Proper nutrition, regular exercise and reducing your sugar intake might be a better option than testing for Gestational Diabetes. Until the controversy over this test is resolved and a more scientific test can be offered to pregnant women, the glucose tolerance test is given at 28 weeks gestational age unless you decide to refuse it. If you don't have a risk factor for diabetes, ask your care provider what happens if you test positive - perhaps his or her answer is the advice you should be following now. Besides, are you aware of the ingredients (and risk factors) of the bright orange Glucola that they want you to ingest for the test?
Group Beta Strep (GBS) Test and Treatment Options
The presence of beta-strep in a vaginal culture, urine sample, or a rectal sample means that you will receive prophylactic IV antibiotics during labor unless you self-treat during pregnancy to rid yourself of the infection. The GBS test usually is performed around 36 weeks gestation so you must ask your care provider to do it earlier since ideally, you should begin self-treatment at about 32 weeks. If you test positive for GBS this simply means that you are a carrier. Not every baby who is born to a mother who tests positive for GBS will become ill. Routine IV antibiotics during labor lowers the mother’s and baby’s immune systems by changing the vaginal flora, which can lead to thrush and breastfeeding complications. (A recent Cochrane review calls into question the routine practice of giving prophylactic antibiotics for every mother testing positive for GBS.) Also consider that when a mother is tethered to an IV she cannot move freely, which can lead to other complications like a stalled labor, discomfort for the mother and an increased need for pain medication, and more. Talk to your doctor or midwife about your options and consider taking a probiotic specifically for vaginal health.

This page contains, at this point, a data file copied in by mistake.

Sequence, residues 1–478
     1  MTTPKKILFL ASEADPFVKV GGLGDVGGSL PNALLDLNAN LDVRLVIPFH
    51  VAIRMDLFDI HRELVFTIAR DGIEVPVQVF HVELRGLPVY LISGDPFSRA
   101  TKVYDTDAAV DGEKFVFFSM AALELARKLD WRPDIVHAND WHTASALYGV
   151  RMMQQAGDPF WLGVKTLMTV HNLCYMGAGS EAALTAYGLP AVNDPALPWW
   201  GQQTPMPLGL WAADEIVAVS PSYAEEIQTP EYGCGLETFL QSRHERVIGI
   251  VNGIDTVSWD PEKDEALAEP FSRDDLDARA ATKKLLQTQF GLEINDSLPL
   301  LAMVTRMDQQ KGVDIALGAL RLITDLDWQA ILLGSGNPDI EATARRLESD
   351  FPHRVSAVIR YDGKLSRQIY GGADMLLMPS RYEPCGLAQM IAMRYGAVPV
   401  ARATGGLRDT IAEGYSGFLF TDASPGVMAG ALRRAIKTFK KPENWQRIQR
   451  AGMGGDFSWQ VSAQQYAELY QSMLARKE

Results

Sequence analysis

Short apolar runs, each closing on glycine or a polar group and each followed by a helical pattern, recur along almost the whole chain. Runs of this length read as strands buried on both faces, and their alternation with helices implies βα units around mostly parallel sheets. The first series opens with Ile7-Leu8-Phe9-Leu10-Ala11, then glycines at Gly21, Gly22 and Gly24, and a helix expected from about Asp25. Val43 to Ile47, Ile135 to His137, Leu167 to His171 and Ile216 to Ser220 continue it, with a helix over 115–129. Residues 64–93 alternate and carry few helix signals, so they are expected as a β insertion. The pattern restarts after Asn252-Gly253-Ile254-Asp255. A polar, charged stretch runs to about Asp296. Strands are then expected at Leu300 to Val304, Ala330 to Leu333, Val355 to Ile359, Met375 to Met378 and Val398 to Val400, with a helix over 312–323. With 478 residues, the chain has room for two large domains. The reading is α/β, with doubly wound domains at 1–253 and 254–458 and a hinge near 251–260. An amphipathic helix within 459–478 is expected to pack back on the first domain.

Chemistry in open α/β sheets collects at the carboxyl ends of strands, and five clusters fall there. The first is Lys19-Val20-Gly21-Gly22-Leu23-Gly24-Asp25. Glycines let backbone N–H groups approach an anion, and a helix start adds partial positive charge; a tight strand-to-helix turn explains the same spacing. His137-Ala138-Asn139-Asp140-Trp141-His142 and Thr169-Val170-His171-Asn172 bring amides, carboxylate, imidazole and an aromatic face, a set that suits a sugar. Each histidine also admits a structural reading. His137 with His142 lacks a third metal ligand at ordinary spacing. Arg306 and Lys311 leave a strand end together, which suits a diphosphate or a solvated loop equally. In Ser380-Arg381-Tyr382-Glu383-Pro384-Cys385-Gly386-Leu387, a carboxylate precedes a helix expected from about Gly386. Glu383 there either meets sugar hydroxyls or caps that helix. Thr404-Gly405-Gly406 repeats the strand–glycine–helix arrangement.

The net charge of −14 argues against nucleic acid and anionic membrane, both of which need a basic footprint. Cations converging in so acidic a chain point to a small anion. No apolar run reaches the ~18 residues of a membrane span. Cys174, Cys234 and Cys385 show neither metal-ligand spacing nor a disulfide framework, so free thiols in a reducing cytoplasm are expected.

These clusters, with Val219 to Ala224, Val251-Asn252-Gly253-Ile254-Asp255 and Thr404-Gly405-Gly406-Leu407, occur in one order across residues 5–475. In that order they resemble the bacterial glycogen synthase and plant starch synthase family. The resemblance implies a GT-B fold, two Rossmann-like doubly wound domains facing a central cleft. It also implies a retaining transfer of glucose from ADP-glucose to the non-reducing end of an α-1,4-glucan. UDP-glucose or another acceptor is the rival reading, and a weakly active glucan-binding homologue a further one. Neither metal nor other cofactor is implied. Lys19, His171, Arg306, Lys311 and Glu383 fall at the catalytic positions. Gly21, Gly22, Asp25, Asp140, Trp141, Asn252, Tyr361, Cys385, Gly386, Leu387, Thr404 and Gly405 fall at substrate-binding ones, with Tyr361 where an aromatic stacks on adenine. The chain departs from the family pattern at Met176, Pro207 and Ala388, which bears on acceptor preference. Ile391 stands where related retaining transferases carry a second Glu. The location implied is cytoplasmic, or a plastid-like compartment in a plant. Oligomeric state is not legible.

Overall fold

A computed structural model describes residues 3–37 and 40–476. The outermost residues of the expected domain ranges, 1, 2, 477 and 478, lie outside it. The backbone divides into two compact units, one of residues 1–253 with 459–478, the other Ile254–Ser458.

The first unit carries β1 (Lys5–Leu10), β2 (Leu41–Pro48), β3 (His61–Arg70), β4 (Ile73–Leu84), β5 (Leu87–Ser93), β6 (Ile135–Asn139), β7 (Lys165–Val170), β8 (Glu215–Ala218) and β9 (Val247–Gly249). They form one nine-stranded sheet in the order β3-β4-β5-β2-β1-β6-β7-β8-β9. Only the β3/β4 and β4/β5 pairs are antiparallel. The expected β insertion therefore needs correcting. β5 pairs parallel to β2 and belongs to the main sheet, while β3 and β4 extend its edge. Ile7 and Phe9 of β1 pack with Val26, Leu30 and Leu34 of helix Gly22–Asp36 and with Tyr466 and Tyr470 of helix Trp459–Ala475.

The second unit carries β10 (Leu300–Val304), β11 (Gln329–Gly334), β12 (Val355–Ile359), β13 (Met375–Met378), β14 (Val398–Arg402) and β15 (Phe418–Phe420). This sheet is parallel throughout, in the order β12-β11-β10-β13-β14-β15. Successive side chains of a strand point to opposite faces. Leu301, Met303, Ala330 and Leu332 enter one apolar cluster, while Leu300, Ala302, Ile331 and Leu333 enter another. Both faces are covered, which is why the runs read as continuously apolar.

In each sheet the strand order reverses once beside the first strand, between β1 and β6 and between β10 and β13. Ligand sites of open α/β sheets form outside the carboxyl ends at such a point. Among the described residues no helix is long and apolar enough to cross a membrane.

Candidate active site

Be aware that vaginal exams do not determine when labor will begin but they do introduce bacteria, cause bleeding and cramping and a risk of premature rupture of the membranes, which could force an induction if labor doesn't begin within 24 hours. Once a client called me in tears stating that during an exam, her OB "stripped her membranes" without her permission "to get things going". Ouch!
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